Back in 2009, Eric Asimov wrote about the overall improvement of Languedoc wines over the last 25 years or so, stating that "In a tasting... of 20 bottles of red from the Languedoc, the wine panel found them still to be all over the place stylistically. But the level of high quality in the winemaking was unexpectedly consistent." After tasting well over 100 wines in the course of a week on a recent tour through the region by the Le Conseil Interprofessionnel des Vins du Languedoc (check out this post for some snapshots and highlights), I can wholeheartedly agree with him, though I did manage to pick out some personal favorites.
Last month I went on a whirlwind wine tasting trip in Languedoc, the Southeastern section of France that hugs the Mediterranean. Before the trip, if I were to have judged from the amount of Languedoc wines I see in the U.S., I would have guessed Languedoc to be, say, around 4 to 5% of the total wine production of France. I would have been wrong. Indeed, coming in at a full 30% of France's production, Languedoc is the most prolific wine-producing region not just in France, but in the entire world.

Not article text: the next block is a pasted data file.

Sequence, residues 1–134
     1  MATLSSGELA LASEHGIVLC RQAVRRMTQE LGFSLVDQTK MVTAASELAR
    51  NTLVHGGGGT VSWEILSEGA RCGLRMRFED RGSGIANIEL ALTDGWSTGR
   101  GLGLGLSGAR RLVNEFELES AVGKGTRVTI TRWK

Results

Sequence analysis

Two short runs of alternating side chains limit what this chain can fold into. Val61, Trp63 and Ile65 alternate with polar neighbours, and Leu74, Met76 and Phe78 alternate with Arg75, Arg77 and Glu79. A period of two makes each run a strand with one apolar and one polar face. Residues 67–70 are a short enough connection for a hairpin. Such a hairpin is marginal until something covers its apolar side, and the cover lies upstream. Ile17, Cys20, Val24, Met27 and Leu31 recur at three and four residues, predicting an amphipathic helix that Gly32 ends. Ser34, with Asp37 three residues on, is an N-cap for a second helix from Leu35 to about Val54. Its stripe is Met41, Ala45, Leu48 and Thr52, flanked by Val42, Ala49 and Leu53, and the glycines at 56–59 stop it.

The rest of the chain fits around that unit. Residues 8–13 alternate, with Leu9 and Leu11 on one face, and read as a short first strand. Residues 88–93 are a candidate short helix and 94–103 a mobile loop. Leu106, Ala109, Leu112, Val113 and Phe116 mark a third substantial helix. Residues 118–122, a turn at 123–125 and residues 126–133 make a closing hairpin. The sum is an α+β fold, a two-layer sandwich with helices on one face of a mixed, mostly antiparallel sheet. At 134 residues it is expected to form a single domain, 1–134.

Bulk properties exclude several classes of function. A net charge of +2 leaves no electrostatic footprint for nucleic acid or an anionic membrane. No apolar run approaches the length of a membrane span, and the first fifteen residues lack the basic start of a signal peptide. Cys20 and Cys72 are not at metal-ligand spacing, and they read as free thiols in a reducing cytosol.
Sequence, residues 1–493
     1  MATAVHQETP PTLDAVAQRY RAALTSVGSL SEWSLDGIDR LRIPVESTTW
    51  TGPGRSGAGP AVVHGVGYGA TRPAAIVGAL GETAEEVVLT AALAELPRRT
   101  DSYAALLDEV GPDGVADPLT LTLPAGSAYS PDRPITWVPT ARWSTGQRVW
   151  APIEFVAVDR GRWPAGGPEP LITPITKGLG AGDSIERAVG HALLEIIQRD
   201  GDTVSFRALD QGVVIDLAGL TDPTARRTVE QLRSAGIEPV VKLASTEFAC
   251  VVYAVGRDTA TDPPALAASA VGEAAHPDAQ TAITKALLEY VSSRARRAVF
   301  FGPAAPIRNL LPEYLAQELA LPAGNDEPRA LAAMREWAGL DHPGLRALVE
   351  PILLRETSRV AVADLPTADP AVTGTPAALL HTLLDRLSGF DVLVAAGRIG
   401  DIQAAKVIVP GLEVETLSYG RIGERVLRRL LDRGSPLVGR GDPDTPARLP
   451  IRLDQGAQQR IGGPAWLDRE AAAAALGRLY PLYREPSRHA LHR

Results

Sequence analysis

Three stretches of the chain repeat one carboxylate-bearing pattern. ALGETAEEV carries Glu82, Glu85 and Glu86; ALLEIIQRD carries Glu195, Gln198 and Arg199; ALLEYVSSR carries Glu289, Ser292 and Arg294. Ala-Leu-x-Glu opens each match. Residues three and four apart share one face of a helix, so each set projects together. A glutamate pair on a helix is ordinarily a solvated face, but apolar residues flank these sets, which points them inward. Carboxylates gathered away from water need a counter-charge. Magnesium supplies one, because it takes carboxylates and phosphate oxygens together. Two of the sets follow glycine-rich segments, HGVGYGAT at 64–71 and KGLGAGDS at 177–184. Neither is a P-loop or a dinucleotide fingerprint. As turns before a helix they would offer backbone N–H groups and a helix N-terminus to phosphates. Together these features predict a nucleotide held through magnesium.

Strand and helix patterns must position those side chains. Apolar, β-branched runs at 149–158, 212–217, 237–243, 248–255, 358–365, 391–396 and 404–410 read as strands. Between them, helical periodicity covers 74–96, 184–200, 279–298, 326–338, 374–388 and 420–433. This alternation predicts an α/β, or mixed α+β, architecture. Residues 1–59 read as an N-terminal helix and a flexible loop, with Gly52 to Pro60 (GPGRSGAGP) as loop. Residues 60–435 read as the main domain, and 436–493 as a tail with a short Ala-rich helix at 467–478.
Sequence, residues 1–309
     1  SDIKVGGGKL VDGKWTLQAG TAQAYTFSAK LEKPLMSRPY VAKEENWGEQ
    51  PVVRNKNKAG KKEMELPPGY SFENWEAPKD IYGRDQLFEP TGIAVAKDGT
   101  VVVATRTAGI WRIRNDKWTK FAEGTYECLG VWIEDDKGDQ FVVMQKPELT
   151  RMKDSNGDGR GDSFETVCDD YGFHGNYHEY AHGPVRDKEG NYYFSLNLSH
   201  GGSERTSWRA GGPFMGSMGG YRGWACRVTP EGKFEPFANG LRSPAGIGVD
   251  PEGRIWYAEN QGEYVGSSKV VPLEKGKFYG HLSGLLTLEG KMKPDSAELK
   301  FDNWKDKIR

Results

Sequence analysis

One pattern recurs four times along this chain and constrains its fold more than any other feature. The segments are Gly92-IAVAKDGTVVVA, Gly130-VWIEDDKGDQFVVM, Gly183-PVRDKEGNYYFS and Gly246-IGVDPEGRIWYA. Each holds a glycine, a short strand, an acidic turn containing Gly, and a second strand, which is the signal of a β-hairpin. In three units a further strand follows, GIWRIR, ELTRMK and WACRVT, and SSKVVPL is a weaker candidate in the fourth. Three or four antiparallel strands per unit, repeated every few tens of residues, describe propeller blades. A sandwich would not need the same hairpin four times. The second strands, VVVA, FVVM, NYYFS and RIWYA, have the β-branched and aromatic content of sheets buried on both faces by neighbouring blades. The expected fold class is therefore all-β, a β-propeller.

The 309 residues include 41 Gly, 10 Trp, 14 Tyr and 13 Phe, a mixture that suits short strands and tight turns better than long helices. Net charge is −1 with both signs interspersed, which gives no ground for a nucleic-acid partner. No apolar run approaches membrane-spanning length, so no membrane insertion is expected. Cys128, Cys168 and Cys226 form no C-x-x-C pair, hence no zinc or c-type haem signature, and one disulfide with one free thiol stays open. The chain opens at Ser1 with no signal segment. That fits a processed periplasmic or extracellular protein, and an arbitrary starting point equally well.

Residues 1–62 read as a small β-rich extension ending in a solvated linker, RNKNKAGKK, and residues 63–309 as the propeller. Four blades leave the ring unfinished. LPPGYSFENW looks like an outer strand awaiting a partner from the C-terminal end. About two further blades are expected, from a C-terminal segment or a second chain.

Seriously chalky soil is part of what makes the Cote des Blancs region in Champagne famous for its chardonnay. We recently tasted two blanc de blancs (all-chardonnay) Champagnes from this region: one from Perrot-Batteux et Filles, and the other from Pierre Gimmonet. These wines launch our explorations of grower Champagnes: wines made by small producers—the families who grow the grapes. Think of it like microbrewed beer, except the independent microbrewer also happens to be a hop grower and malt-producer. Well, maybe it's not a perfect metaphor...
Muscadet, which is made exclusively from Melon de Bourgogne grapes, usually hails from the western side of the Loire region in France. Grapes grown from this cool climate region offer deliciously fresh-tasting acidity. Why does the climate matter? Glad you asked...
With its deep, amber hue and aggressive carbonation, it's easy to spot a French cider amongst its Spanish or British cousins. Full bodied, sweeter French ciders work well with cream-based sauces, while the drier, more champagne-like ciders can elevate flaky fish. Here are a few of our favorite French ciders.
On my recent trip to Jura, France, sponsored by the The Comté Cheese Association (thanks cheese guys!), we made a stop for dinner at the Bistrot de Pontarlier in Port Lesney. As it turns out, Pontarlier is home to one of the most important absinthe distilleries in the world. Distillery François Guy still produces its wormwood and Spanish green anise-scented concoction from the original Belle Époque recipe.
Here in the States, you can get straight up Orangina and the relatively new Orangina Rouge, but on my recent trip to France, I found a couple flavors that we don't have here, and was pleasantly surprised by'em.
For Sauvignon Blanc from France, you gotta know an AOC or two. We sampled some Sancerre and Pouilly Fumé to get you on your way.